Children, Teens and Suicide Loss

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Children, Teens and Suicide Loss

Speak honestly and openly about the death. When faced with telling a child about a suicide death, be clear and honest. Use gentle yet plain and specific words to describe what happened. Simply let the child talk and try not to assume what the child may be thinking or feeling. Be open to different ways of grieving. Just as with adults, children express their feelings in their own ways. It may not look like what we’d expect; allow them freedom to feel their emotions. Offer choices. Death is an uncontrollable force, leaving people feeling powerless and out of control. When possible, find opportunities for grieving children to have input into decisions.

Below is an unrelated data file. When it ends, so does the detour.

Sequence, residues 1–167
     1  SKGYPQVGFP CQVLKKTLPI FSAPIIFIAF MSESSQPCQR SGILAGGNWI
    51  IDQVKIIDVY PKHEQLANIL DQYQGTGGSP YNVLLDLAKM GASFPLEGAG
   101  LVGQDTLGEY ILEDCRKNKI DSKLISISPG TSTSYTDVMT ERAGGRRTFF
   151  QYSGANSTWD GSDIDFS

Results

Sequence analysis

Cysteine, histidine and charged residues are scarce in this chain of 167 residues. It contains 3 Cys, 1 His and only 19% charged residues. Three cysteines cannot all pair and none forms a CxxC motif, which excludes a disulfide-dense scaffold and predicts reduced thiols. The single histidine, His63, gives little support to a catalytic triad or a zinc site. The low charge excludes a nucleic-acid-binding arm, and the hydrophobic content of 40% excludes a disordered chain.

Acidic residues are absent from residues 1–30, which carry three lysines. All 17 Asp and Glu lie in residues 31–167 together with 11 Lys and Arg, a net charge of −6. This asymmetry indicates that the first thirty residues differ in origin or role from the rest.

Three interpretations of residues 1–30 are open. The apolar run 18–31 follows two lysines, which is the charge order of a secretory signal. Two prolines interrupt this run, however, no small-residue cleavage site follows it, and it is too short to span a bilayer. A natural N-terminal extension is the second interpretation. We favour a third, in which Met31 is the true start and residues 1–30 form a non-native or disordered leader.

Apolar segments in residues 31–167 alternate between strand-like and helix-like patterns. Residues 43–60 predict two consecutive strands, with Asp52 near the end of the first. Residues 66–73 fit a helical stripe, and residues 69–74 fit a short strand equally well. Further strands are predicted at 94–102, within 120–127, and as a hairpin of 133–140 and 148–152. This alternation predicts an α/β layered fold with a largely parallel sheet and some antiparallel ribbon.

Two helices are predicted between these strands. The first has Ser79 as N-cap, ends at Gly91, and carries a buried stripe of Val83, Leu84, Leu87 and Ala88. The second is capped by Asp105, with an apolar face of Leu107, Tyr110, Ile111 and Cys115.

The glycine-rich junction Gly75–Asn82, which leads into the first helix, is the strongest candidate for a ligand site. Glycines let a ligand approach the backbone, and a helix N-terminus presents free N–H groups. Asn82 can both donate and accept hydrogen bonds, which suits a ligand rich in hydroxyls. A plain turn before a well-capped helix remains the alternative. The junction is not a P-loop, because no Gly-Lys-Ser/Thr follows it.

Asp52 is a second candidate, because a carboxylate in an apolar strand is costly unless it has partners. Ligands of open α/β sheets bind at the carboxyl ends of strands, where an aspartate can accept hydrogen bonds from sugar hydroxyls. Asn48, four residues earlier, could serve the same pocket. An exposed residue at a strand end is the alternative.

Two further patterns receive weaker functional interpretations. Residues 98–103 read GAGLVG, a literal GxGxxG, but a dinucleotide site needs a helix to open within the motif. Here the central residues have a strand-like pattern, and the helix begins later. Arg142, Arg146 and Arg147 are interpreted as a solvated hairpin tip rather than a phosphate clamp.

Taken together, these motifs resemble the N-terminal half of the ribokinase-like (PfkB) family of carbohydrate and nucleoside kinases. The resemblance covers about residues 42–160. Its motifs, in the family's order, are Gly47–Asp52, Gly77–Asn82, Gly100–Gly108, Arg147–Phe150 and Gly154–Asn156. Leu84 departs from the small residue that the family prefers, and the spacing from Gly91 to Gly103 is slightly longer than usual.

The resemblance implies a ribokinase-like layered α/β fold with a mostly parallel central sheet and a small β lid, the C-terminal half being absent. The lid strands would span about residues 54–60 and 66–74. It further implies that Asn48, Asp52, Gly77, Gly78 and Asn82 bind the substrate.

• Provide outlets for self-expression – activities like drawing, writing or playing music. Offer resources for creative outlets, without dictating the expression.
  • Talk about and remember the person who died. Affirming the child’s memories and perceptions of the person who died will help keep conversation open, which in turn helps the child to continue processing their experience of grief.
  • Get extra help if needed. After some time, most children will return to normal routines and activities. But sometimes additional challenges arise, so don’t be afraid to seek further guidance.
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